By Henry Akubuiro
Questioning Voices, Olalekan Ajayi, Kachifo, Lagos; 2021, 152,
When worries assail a soul, what happens? Questions are bound to erupt. Olalekan Ajayi is a poet who owes his creativity to the muse. Like in his first poetry collection, A Day Shall Come, published in 2015, the poet, in this latest poetry volume, Questioning Voices, invokes the guidance of the muse for the bardic project, delivering messages to the world as an emissary to many voices wishing to be heard.
These poems, which run in five parts — Conversation, Voices, Homeland, Love Themes, and Tributes —also pay witness to the multiple voices in the poet’s head. Ajayi believes that bards before him showed more commitment in the art, pillorying the system and telling the truth —a path he, too, wishes to toe as echoed in “Invocations”, where the voice beseeches the muse to fill his vacant mind “With ancient secrets”. He yearns: “Kindle in my ones noble fure/ To make me burn like bards of old/Take me to the fields where/ My forebears communed with the gods/Let me feel the flame that drove/ The poets of old to weave words/ That unsettled usurpers” (p.3).
Ajayi’s “Conversation with Myself” shows the poet speaker as constrained by worries with numerous questions troubling him: “Try, try and try, I try/ The questions gush like/ A burst public pipe”. And these are questions about living and justice. Sometimes “Difficult Questions” appear simple, especially when the interlocutor already knows the answer.
Ajayi’s poetry volume is dominated by personal lyrics, and this stems from the fact that experiential issues have a link with universal imports, which, by themselves, affect subtle minds. And when they are not experiential, the bardic excursion finds echoes in humanity, like in “Beneath the Bridge” where, as, a traveller, the voice discovers “famished shadows of desolation” —”such a legion of wretched folks/With a thousand tales of woe and dreams”. Hence, life isn’t fair to those beneath the bridge.
Ajayi’s diction is supple, barely cloying, and this is a poet who has audiences at heart. Despite the sense of despondency we encounter in the mood of the verses, the elegant language prompts us into spasms of delight. Fancy his hyperbole here: “ Heavy with thoughts that abort sleep, /My mind goes on a pilgrimage to the sky. /The view from above makes heaven cry….” (p. 40).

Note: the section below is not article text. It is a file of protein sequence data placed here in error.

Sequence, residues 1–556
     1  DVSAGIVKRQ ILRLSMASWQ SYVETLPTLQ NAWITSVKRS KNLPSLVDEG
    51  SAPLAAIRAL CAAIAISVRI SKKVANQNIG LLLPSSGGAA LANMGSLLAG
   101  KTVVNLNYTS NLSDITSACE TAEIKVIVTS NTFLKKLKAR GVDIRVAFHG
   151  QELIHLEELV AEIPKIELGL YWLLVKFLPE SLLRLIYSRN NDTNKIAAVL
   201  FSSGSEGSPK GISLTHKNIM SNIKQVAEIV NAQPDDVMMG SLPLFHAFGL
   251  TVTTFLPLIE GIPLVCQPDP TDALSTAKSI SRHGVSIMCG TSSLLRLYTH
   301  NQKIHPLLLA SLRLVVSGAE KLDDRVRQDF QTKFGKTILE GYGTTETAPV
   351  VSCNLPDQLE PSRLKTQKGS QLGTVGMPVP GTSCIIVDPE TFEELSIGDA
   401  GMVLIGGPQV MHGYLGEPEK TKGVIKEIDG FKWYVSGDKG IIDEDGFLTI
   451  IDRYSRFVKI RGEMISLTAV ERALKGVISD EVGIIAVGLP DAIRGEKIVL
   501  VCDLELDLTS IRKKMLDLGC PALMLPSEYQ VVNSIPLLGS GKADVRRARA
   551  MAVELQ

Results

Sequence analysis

For some humour, try and read “When Fear Grips My Soul”, a poem about childhood trepidation. “If Only I looked up” teems with remembrances and nostalgia.
“At the foot of the Unknown Soldier” is a poem pertinent to contemporary happenings in Nigeria. This poem draws attention to the futility of war. The poet is alarmed by the crave for war by the young generation who doesn’t know what war entails: “Unknown to them/Men fall like cattle in battle/Where riffles rattle in senseless rage, /And men long to return home to/Laugh with families and neighbours” (p. 56).
The collection contains some satires like “The Parliament” where lawmakers demonstrate their two sides, using deception to win votes and resorting to violence when overtures fail, but the trampled masses have learnt to say no in the face of oppression. This resolve also echoes in “The March”.
Many African writers have disparaged British colonial adventurism in this part of the world, in their writings, but Ajayi has problems with African leaders themselves who took over from the whites. In “Unprepared”, the poet declares that they were unprepared to take the mantle of leadership. Thus, the joy of liberation was short-lived: “We, the people, were unprepared for/The freedom obtained without sword.” The result today are weary hearts roaming the street “united in hunger”. Social inequality echoes in “From the Depths of the Shanties”.
Questioning Voices shows us the different sides of a tyrannical servant and the servant leader who wear a mean facade once in power, contrary to the humble mien before mounting the exalted position.
Democracy in a fledgling African nation, such as depicted in “Four Years”, is described as a circle of woes. As each tenure ends, the nation prepares for another round of plunderers in power. Hence, the voice laments that the electorate is unaware of the power they possess.
Questioning Voices ends with love poems (as Cupid tales tell of engaged desires) and tributes to revered individuals. Ajayi’s voice in Questioning Voices is righteously interrogative, melancholic yet romantic and sublime.